By not buying the 85kW battery I will save $10K. That's 10 plane tickets for my wife and I plus a nice car rental for a week. Since we only make one trip of that distance a year that's 10 years of travel.

Peak Oil bruin | January 19, 2012

Sticking with the 40kW model, but
1. I feel we'll be able to swap with better tech at lower cost within warranty time frame
2. I'm not the Nissan Rogue or the Speed Racer (Performance model) type.

Liz G | January 19, 2012

still can't decide which way to go 40 or 60. Wondering if Tesla will let me change my mind if I order the 40 and then decide to switch. assuming they haven't started building it yet. its pricing out at $80,000 for the 60 not sure if I can justify that amount. Will probably flip flop right up until the last possible moment

I always stress out over big purchases.

Just realized this car will cost more than the first house I bought back in grad school

Brian H | January 20, 2012

To all commenters here: thoroughly investigate the site. It give 5 & 10 yr comparisons on costing (TCO). In general, you save thousands to tens of thousands over that time, using base model costs. Those "savings" (discounted to PV) defray options or upgrades to larger batteries.

As soon as the Model X is "revealed", similar comparisons will be developed for it.

Brian H | January 20, 2012

Correction: "... using base through Signature Performance model costs."

BYT | January 20, 2012

Cool to see a chart with this data, I had already done it in my head. When you see what all the other offerings are and what features and limitations of each, the Model S is a tremendous value even if it "feels" like a premium. I wish I was rich... :D

ckessel | January 20, 2012

Interesting that you can basically extrapolate out the Leaf line and it runs into the Tesla points. I suppose we can look at that as the EV cost of ownership line.

EdG | January 20, 2012

If you translate the EVs upward $7500 on the graph (i.e., removing the US federal help), the results get a lot less dramatic, though still positive.

JoeFee | February 10, 2012


1) If the Model X is any clue, the 40 kWh pack is already a dead-end … MIA not even DOA (available).

2) The TSLA buy has worked out nicely so far, despite today's correction. The earnings report will be key this time.

Joe F

stephen.kamichik | February 10, 2012

The 40 kWh pack may not be dead. In the model X application, a ten percent drop in range is not acceptable. I am sure the 40 kWh pack will be ressurected for the upcoming $30k car.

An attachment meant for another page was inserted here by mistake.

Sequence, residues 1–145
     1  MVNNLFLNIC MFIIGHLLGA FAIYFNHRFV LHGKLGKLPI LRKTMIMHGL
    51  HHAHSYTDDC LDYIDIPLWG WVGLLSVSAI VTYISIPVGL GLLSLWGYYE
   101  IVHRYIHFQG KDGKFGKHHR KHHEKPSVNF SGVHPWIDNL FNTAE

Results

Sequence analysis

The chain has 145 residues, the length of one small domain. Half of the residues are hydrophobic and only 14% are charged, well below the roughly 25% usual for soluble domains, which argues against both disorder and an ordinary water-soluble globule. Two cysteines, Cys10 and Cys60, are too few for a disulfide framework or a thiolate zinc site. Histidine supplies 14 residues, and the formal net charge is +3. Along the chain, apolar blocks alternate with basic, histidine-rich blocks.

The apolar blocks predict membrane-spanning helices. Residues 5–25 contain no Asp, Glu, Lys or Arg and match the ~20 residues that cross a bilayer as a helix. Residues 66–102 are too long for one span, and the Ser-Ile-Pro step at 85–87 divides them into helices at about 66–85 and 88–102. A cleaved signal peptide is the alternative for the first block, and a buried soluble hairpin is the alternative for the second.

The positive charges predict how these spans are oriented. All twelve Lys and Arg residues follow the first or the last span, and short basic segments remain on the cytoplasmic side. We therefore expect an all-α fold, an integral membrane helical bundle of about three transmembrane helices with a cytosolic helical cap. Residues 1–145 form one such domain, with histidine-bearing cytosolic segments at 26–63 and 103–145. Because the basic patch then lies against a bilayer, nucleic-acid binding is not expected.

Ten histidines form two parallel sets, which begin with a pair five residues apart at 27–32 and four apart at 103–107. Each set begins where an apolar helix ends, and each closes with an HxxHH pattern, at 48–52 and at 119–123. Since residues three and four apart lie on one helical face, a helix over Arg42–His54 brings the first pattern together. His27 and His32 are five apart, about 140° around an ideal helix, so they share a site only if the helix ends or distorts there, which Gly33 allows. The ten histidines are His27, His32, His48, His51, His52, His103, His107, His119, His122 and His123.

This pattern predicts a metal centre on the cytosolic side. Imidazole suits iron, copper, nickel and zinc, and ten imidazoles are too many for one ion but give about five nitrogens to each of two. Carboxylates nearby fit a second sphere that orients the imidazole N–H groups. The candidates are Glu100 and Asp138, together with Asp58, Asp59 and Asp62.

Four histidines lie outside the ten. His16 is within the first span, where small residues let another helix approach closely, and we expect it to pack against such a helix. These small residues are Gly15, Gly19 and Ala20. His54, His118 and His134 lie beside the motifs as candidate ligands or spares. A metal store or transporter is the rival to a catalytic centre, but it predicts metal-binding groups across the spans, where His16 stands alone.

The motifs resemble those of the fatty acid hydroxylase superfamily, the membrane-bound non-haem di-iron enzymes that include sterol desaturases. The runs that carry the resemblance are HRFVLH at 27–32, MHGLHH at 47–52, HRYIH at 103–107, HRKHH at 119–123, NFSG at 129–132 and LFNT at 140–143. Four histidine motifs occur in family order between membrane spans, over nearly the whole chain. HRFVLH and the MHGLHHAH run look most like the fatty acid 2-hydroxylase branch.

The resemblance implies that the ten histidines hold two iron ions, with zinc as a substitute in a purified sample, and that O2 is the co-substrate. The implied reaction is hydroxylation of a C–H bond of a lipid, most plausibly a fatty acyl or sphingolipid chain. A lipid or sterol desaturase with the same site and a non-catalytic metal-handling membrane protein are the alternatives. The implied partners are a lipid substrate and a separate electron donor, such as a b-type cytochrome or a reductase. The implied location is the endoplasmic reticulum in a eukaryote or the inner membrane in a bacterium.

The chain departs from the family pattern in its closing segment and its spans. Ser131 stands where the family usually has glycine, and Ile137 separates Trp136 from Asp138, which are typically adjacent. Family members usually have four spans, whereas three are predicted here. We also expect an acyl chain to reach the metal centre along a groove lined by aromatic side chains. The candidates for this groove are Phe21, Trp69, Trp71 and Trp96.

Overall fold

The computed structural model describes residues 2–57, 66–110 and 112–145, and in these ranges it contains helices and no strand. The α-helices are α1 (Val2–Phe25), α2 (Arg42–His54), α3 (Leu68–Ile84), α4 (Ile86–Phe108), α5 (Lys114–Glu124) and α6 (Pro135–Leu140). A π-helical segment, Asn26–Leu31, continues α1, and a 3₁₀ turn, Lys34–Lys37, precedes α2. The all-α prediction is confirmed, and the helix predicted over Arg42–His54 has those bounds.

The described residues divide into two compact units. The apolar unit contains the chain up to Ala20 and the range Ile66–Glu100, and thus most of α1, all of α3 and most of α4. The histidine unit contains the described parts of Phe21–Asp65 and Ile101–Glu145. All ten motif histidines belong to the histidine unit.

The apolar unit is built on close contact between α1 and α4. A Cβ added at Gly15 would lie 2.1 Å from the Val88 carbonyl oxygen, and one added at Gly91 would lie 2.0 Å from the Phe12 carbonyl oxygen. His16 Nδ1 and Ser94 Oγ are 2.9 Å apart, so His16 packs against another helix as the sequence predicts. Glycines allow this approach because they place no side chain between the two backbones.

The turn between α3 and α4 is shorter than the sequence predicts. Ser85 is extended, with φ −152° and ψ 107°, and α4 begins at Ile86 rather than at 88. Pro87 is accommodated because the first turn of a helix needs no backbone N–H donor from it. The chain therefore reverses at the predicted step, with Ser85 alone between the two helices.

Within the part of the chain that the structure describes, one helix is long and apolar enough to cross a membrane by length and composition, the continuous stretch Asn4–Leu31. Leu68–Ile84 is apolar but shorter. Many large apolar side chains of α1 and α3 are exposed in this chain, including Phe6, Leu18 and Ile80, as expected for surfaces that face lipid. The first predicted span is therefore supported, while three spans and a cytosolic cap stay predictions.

Brian H | February 10, 2012

IAC, the X is not designed as a commuter vehicle, particularly. That knocks out most of the 160-mi. market.

Timo | February 11, 2012

Say 100 mile market. Model X probably gets 160 miles with 60kWh battery.

Robert.Boston | February 11, 2012

Range reduction on the Model X was cited as 10% to 12%, so the "160 mile" S range would have been about 140 miles. This alone wouldn't doom the 40kWh application in the Model X, but it may have been the slower 0-60 times which, on a larger vehicle, would have been even more pronounced.

I'm sure that Tesla intends to release the 40kWh on the S.

Brian H | February 11, 2012

"Timo | February 11, 2012 new

Say 100 mile market. Model X probably gets 160 miles with 60kWh battery.:
We were discussing the 40kwh battery, and why it wouldn't be useful in the X. The 60kwh battery probably gets >200 mi.

Timo | February 12, 2012

I'm betting <200 miles. 190 to be exact and way less than that in highway speeds. I didn't calculate my estimate before throwing that 160 mile estimate, but I'm pretty sure it is not very far from highway speed range. Might be overpessimistic for 50mph.

Discoducky | February 12, 2012

For Bluestar, 40kWh would most likely be over 200 miles due to lower Cd, pack being incrementally lighter (not even considering next gen batteries, but the thermal solution, crash protection and structural rigidity tolerances) and smaller (possibly smaller footprint of chassis will require tighter packaging), lower rolling resistance (smaller tires and incremental increases in tread design).

So no, not dead on arrival, when you consider future applications and leveraging existing technologies for incremental improvements.

Timo | February 13, 2012

Bluestar I agree. Model S battery pack is actually part of the structure which makes estimating its weight difficult, but I think it is at least 30% lighter (relatively) than Roadster battery pack just because of that. If Tesla makes next gen Roadster using that current battery tech, similar methods as Model S and as good Cd as they have in Model S they would get 350+ miles easily from 60kWh battery and 250 from 40kWh.

What I mean by "part of the structure" is that instead of having separate pack and support to carry it you use battery itself as a support for car body, which drops this entire structure from supporting pack away + quite a bit of car frame away. It is ingenious engineering, something that no other manufacturer does. Others are still thinking ICE terms.